Setting treatment goals for real life

Setting treatment goals for patients with depression is complicated by a number of factors. These include the clinical heterogeneity of the condition;1,2 misperceptions of what it encompasses (making key symptoms easy to miss, either because the patient didn’t consider them relevant to mention, or the HCP didn’t probe into the details of their daily life);3 and the nuanced, highly subjective nature of symptoms.1-3

The CANMAT guidelines for treatment of depression summarise the goals for the acute and maintenance treatment phases with two clinical questions: “How do you get people with depression well?” and “How do you keep them well?”3 Both questions are essential in the long term, since achieving remission of all individual symptoms in the acute phase is key to enabling full functional recovery and reducing risk of relapse.3 The key, CANMAT notes, is to engage the patient as a partner for developing treatment goals.3

“The overall goals of treatment of major depressive disorder should focus on alleviating functional impairments and improving quality of life in addition to achieving symptom resolution and episode remission” – American Psychiatric Association

Each patient’s personal experience of depression defines what they perceive as progress. While clinical scales can be a useful measure in the acute phase, in the long term it may be more relevant to keep track of patients’ progress towards functional improvement in their own lives. In a recent social media campaign on our patient platform, Rethink Depression, we put questions around this to the community, such as “If you could wish for a victory, what would it be?” and “If I have a good day tomorrow, the first thing I would do is _____”. The responses demonstrated the variation of how symptoms manifest themselves in daily life, across work, home and social functioning:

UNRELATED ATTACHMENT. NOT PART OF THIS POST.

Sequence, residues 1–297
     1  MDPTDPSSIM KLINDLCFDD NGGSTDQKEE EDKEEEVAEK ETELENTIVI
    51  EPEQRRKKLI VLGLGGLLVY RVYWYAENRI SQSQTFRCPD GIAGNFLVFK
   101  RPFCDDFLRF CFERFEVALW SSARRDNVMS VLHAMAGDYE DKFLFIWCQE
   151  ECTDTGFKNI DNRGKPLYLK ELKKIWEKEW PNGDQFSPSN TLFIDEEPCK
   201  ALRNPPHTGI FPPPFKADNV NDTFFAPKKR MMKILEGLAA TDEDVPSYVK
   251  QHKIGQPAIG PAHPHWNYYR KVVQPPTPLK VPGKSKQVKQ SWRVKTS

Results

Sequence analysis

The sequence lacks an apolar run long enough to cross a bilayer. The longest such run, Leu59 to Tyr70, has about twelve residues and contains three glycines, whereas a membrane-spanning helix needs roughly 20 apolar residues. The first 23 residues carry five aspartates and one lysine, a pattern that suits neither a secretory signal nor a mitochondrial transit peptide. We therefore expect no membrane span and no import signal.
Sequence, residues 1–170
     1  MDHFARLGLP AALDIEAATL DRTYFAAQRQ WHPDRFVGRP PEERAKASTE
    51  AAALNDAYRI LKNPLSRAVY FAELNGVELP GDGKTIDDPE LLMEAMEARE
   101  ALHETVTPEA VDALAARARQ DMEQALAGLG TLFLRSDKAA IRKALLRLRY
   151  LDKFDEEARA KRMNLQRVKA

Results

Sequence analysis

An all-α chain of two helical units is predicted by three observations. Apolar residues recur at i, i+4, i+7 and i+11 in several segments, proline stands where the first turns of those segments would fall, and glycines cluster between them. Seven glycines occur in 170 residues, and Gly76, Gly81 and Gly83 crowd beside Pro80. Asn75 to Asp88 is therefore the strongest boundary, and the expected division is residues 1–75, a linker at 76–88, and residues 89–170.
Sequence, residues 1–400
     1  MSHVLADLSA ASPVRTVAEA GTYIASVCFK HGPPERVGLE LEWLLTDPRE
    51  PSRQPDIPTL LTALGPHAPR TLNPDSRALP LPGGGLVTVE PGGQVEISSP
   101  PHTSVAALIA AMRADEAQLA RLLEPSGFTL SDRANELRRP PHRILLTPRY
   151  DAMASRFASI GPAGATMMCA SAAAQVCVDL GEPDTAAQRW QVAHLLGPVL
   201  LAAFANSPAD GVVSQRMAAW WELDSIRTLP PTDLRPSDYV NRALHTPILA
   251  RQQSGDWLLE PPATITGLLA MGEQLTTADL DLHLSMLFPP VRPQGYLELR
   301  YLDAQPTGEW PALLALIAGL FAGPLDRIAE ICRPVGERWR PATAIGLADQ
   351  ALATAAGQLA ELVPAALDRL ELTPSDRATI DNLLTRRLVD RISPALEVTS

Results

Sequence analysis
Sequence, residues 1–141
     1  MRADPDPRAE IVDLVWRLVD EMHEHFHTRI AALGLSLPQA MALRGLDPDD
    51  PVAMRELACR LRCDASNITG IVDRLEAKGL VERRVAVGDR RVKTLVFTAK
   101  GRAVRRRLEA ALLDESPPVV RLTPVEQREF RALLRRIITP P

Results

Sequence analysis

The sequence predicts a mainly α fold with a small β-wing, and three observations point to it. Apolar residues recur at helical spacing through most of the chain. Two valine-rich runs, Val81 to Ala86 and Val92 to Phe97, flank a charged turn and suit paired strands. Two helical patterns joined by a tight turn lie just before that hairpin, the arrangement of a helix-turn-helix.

• “Wash my face, do my hair, have a healthy breakfast and go for a walk and do a bit of exercise”
  • “Go to the gym”
  • “Take a run”
  • “Dance”
  • “I would hug someone I love”
  • “Get all my tasks of that day done”
  • “Be excited for something”
  • “Sleep all night”
  • “Finish my readings”
  • “Make (and eat) my own food”

Since patients may not bring up these difficulties in a consultation, it requires initiative from the clinician to uncover them.1 The APA guidelines encourage questioning patients (in addition to observation and collateral history whenever possible) around how their activities and enjoyment of life have been altered by their symptoms.1 This allows the clinician to help the patient in translating vague goals (e.g., “I have difficulty meeting commitments”) into specific targets appropriate to his or her impairments (“What would you need to do to be able to meet your work and family obligations?”).4 These goals rarely change long-term, but may be replaced if another goal becomes more relevant.4 In this way, the patient becomes engaged as an active participant in their recovery, and is provided with added motivation to achieve and maintain their treatment goals.4

References
  1. American Psychiatric Association. Practice Guideline for the Treatment of Patients with Major Depressive Disorder. Third Edition. 2010.
  2. Greer TL et al. CNS Durgs 2010; 24(4): 276–284.
  3. Lam RW et al. Can J Psychiatry 2016; 61(9): 510–523.
  4. Battle CL et al. J Psychiatr Pract. 2010; 16(6): 425–430.
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